Heller: : Gilbert and Louis Rule the Universe had been in my heart for a long time. It is a semi-autobiographical story about me and my best friend in middle school. (We really did call ourselves Gilbert and Louis)  As the saying goes, “God writes poor fiction.” So I had to give it structure. I love Jane Austin and the plotline of Pride and Prejudice fit with my story and gave it a stronger narrative.

Ferrante: You also have two picture books, Falling Rock and your latest book Elephants. Why did you change from chapter books to this style?

Heller: The sweet spot for Falling Rock is second grade. I wrote Falling Rock over 18 years ago, and my mother did the artwork.  The story was based on a tale my camp counselor once told us about how Falling Rock was a Native American and wherever he was spotted they put up a sign with his name. Once my daughter was born I pulled out the story, dusted it off, rewrote it, re-photographed the artwork, and created the book. 

I have been reading tons of picture books with my daughter and I am absolutely in love with them. I have always been drawn to visuals (I was an Art History major in college and my mother is an artist), so I love the combination of a good story and great artwork. I also love animals and feel very strongly about animals in the wild being conserved and protected.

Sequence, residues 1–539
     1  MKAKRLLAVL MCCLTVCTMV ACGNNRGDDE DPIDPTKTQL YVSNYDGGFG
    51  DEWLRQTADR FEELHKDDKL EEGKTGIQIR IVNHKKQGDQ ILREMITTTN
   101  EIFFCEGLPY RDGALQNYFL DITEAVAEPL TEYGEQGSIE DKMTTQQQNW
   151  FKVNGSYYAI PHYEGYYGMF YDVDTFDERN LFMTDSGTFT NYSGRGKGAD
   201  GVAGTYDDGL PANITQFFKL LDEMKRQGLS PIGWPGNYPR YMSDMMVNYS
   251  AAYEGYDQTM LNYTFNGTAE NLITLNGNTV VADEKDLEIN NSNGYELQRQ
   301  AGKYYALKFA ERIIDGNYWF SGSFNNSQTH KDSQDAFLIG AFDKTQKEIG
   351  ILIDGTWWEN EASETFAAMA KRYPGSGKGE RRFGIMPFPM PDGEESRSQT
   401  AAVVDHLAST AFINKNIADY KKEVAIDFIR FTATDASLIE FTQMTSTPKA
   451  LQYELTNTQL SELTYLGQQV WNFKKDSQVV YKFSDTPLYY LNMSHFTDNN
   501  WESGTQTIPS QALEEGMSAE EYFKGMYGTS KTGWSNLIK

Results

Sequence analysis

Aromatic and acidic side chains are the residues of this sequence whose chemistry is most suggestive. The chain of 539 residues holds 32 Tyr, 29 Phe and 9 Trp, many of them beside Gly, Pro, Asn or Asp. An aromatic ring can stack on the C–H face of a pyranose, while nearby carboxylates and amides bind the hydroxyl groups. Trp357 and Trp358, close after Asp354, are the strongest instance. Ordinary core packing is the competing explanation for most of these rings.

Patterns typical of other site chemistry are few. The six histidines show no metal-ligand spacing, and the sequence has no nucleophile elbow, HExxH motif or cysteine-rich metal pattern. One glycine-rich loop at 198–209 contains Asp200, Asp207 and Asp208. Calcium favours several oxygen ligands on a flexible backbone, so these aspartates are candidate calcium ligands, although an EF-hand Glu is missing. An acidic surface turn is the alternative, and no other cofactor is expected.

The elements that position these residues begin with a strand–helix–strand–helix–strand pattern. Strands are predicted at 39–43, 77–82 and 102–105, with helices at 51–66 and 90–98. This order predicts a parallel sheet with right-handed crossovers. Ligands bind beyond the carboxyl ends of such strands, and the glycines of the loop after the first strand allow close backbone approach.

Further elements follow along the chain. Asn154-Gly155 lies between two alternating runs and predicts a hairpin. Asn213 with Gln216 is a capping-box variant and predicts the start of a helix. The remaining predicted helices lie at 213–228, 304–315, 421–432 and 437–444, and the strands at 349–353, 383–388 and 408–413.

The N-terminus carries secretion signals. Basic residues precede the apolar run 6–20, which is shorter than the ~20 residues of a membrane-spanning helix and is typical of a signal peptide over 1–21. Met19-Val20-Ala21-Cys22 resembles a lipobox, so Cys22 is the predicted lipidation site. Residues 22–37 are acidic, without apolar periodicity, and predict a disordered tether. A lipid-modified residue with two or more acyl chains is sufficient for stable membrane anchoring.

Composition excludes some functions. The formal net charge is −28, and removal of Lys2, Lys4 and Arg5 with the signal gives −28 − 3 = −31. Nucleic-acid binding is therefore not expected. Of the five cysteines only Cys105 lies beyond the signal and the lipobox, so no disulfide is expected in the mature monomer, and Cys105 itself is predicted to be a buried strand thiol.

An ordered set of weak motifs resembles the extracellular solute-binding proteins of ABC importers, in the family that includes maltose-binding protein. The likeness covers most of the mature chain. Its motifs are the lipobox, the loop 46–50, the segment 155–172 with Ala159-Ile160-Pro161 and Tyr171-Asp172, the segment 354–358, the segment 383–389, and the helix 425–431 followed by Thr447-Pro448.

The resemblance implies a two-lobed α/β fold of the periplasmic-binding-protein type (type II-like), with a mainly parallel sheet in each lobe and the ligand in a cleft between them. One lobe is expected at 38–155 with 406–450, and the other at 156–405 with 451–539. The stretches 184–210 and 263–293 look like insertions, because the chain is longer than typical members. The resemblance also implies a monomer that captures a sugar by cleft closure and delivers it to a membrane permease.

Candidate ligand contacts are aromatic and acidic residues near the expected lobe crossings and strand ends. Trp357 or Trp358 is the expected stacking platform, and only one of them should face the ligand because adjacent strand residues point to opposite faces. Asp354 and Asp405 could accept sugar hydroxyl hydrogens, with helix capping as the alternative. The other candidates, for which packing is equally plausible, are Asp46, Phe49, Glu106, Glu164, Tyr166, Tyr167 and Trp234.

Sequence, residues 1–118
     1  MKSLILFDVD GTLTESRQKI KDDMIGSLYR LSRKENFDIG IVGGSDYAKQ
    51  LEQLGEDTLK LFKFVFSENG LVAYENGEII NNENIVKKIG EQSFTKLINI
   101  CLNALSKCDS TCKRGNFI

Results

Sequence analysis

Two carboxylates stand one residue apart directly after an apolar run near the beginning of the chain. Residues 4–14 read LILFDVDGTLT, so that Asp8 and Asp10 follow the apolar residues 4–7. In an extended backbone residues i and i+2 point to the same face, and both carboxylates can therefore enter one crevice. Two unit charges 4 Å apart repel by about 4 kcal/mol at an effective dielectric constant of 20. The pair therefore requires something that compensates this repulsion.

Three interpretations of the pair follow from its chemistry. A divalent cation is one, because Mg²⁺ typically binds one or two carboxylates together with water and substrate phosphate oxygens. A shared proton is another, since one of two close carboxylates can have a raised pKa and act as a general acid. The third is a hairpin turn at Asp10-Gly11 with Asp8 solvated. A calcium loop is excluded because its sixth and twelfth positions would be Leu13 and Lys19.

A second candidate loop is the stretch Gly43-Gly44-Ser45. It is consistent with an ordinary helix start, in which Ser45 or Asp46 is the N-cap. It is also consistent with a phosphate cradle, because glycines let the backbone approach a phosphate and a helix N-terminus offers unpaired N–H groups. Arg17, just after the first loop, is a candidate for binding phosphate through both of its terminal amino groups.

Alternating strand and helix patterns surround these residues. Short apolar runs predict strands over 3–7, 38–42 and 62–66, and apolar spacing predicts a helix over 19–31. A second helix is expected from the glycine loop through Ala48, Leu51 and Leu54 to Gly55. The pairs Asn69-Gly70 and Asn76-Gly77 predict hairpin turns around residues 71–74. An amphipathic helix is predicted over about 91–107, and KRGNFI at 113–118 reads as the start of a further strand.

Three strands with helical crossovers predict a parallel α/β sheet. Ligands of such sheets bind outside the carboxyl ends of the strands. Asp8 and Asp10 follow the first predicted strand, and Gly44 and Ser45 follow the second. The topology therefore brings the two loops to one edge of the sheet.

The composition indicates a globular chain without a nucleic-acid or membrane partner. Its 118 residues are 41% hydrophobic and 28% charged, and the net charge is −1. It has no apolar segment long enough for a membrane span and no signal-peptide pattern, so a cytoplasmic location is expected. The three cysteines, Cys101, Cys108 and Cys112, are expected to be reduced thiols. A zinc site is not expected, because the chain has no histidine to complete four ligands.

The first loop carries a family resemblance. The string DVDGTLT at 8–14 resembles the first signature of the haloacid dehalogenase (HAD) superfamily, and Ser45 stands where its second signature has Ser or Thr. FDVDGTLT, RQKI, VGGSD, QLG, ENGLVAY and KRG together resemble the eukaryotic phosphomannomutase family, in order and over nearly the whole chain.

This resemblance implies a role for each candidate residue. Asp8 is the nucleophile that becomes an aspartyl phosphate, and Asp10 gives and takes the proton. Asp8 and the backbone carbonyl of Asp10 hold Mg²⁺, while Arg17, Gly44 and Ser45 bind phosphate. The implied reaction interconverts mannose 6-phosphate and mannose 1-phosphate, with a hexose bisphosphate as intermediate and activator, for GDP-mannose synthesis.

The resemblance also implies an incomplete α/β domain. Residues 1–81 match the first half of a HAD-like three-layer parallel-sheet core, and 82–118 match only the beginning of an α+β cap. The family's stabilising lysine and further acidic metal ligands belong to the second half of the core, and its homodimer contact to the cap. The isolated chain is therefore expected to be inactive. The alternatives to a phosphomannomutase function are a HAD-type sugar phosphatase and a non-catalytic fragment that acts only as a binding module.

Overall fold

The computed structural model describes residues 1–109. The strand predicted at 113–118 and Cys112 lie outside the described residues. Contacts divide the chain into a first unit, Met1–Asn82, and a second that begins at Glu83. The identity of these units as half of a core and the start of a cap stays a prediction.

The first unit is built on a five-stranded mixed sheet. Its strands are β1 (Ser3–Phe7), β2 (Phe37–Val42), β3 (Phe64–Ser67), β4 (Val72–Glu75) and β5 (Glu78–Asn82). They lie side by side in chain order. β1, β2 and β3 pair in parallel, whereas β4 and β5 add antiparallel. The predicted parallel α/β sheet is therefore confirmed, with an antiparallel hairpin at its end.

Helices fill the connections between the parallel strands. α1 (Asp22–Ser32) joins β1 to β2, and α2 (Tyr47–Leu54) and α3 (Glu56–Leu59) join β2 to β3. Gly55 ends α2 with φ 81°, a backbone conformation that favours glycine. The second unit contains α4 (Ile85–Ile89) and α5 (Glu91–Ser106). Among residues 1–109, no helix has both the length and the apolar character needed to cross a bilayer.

Ferrante: The illustrations are wonderful? How did you connect with Susie Mason? Did you collaborate or did you just hand over the words to her?

Heller: I found Suzie on the internet while searching for illustrators. I had a very strong vision for the book. If you ask anyone who knows me they know I have a real sense of what I like and don’t like. I saw Suzie’s work online and was like “this is it.” I sent her an email asking if she wanted to illustrate Elephants and happily she said yes. She is based in the U.K. so we have never met in person, but we collaborated on it greatly. She brought a lot of wonderful ideas to the table that made it better than I had even imagined, and all the time we stayed true to my initial vision. She is amazing.